How to be an Academic Peer Reviewer, in 5 Easy Steps*

1. Make sure to wait until at least three weeks after the journal deadline to read the piece for the first and only time. Punctuality signals that you are not busy enough with your own brilliant research.

2. Do not re-read (or read for the first time) the primary source(s) in question (see above re: your precious time). Make up for this deficit of knowledge by grasping at any reference in the article that does remind you of anything you know about, and going batshit crazy about it. Demand the author alter the piece to address its relation to your own work.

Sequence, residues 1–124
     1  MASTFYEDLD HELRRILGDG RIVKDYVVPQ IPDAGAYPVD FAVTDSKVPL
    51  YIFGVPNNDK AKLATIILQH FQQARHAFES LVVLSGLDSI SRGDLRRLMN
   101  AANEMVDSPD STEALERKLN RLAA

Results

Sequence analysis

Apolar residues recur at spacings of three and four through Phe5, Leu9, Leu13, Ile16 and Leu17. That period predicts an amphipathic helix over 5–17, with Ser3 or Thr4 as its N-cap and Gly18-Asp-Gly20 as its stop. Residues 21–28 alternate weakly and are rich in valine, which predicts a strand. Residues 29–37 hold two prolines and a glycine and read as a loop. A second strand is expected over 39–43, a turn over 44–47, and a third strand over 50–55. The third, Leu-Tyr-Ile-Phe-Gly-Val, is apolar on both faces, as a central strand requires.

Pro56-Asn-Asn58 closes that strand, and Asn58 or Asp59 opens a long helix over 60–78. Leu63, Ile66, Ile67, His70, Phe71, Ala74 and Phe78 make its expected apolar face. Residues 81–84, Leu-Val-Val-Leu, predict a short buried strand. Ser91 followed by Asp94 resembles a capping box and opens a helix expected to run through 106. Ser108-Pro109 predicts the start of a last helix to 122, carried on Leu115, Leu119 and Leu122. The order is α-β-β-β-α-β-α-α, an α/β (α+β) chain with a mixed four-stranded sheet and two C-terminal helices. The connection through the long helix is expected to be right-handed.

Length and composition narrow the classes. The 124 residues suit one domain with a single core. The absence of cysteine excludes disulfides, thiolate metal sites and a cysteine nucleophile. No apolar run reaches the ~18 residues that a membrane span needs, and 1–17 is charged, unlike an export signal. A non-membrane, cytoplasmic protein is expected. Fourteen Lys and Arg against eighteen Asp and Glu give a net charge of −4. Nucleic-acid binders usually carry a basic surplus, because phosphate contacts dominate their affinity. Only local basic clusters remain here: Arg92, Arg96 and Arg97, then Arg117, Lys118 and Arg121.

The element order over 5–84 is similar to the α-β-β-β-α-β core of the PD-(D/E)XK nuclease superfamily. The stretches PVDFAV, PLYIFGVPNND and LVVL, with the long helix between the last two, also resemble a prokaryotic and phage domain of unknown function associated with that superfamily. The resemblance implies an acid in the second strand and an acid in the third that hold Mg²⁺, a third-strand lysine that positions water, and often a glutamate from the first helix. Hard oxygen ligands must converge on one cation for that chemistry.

3. After the third cowering reminder from the journal editor’s graduate assistant, deign to read the piece, but make sure you are hungry and/or tired and/or just had a big fight with your Chair and/or spouse.

4. Make sure to write down every visceral response you have –use all caps for emphasis, otherwise the author won’t know what’s important. DO NOT (see?) edit, rework or otherwise “tone down” your criticism. The Journal of Mid-Atlantic Orthography 1747-53 is the BIG TIME, and this is how the big time works.

5. Finally, if you don’t understand most of the article but are pretty sure it’s not bad enough to reject outright, grade it a “revise and resubmit” with criteria so obtuse that there is no way you will ever have to waste your precious brilliant time on it again.

* a propos of nothing; my most recent journal review experience was an enthusiastic acceptance on first pass, so there. It does happen.

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